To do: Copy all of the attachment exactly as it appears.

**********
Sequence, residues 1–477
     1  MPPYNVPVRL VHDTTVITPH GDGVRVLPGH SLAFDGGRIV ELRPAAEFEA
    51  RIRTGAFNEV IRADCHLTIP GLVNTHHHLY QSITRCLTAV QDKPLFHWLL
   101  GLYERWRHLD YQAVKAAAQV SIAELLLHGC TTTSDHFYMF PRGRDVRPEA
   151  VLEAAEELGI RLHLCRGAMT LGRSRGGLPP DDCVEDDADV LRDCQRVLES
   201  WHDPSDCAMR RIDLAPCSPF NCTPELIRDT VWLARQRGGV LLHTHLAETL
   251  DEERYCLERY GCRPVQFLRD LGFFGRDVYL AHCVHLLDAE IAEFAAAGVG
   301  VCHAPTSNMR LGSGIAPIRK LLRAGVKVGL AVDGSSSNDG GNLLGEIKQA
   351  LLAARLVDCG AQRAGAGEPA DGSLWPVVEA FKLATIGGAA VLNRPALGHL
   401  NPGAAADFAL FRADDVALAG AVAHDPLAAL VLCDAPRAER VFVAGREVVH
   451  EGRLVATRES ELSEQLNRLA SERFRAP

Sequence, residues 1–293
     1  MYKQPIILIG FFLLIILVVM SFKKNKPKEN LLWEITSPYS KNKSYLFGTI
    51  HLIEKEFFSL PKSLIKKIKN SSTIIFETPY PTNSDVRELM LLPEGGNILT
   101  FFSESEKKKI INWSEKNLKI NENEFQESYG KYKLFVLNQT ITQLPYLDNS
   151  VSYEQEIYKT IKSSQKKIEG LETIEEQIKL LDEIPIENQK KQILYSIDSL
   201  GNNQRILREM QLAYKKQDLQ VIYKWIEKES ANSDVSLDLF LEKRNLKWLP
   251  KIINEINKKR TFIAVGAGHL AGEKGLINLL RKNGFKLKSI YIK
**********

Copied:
Sequence, residues 1–477
     1  MPPYNVPVRL VHDTTVITPH GDGVRVLPGH SLAFDGGRIV ELRPAAEFEA
    51  RIRTGAFNEV IRADCHLTIP GLVNTHHHLY QSITRCLTAV QDKPLFHWLL
   101  GLYERWRHLD YQAVKAAAQV SIAELLLHGC TTTSDHFYMF PRGRDVRPEA
   151  VLEAAEELGI RLHLCRGAMT LGRSRGGLPP DDCVEDDADV LRDCQRVLES
   201  WHDPSDCAMR RIDLAPCSPF NCTPELIRDT VWLARQRGGV LLHTHLAETL
   251  DEERYCLERY GCRPVQFLRD LGFFGRDVYL AHCVHLLDAE IAEFAAAGVG
   301  VCHAPTSNMR LGSGIAPIRK LLRAGVKVGL AVDGSSSNDG GNLLGEIKQA
   351  LLAARLVDCG AQRAGAGEPA DGSLWPVVEA FKLATIGGAA VLNRPALGHL
   401  NPGAAADFAL FRADDVALAG AVAHDPLAAL VLCDAPRAER VFVAGREVVH
   451  EGRLVATRES ELSEQLNRLA SERFRAP

Sequence, residues 1–293
     1  MYKQPIILIG FFLLIILVVM SFKKNKPKEN LLWEITSPYS KNKSYLFGTI
    51  HLIEKEFFSL PKSLIKKIKN SSTIIFETPY PTNSDVRELM LLPEGGNILT
   101  FFSESEKKKI INWSEKNLKI NENEFQESYG KYKLFVLNQT ITQLPYLDNS
   151  VSYEQEIYKT IKSSQKKIEG LETIEEQIKL LDEIPIENQK KQILYSIDSL
   201  GNNQRILREM QLAYKKQDLQ VIYKWIEKES ANSDVSLDLF LEKRNLKWLP
   251  KIINEINKKR TFIAVGAGHL AGEKGLINLL RKNGFKLKSI YIK